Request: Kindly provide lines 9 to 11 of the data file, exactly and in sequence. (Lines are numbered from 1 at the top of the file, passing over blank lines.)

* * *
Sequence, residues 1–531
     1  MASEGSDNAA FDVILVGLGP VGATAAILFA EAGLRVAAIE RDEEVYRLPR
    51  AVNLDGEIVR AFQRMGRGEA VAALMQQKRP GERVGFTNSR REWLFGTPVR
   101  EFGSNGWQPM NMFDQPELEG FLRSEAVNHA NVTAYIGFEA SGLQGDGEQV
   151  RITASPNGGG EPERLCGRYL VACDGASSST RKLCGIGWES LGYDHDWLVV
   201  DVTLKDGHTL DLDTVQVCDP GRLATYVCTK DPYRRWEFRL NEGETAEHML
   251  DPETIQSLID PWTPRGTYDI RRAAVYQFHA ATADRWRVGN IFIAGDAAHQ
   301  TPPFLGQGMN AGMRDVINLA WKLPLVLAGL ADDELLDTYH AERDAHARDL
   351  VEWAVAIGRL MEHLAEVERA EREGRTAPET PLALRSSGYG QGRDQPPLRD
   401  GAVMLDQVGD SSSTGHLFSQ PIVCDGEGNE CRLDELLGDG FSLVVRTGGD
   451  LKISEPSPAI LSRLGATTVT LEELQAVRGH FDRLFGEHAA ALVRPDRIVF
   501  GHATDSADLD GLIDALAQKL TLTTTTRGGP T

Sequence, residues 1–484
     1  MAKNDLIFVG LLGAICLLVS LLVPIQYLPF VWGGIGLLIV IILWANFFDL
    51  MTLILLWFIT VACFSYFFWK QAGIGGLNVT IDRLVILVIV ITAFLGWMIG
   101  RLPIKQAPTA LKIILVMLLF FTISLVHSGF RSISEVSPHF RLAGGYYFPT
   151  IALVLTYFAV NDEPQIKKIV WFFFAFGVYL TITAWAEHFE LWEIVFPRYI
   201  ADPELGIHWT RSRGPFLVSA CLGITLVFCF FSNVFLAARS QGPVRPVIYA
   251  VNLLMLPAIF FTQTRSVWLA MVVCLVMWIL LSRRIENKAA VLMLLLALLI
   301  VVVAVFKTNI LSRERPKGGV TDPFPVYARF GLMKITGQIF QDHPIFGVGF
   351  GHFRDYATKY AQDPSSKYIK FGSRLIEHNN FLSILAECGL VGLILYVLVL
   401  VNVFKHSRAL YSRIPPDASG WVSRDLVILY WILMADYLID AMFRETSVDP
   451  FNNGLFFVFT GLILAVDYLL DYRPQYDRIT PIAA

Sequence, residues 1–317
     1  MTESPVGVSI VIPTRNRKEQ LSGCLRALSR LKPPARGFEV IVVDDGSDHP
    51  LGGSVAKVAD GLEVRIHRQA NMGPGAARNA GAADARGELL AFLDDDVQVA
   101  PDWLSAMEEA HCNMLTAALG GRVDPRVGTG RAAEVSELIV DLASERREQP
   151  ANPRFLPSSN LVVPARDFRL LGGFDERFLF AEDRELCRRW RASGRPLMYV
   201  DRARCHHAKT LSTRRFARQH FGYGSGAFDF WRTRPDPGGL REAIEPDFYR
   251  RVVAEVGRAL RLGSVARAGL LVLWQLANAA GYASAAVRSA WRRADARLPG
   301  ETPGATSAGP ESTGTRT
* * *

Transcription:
   351  VEWAVAIGRL MEHLAEVERA EREGRTAPET PLALRSSGYG QGRDQPPLRD
   401  GAVMLDQVGD SSSTGHLFSQ PIVCDGEGNE CRLDELLGDG FSLVVRTGGD
   451  LKISEPSPAI LSRLGATTVT LEELQAVRGH FDRLFGEHAA ALVRPDRIVF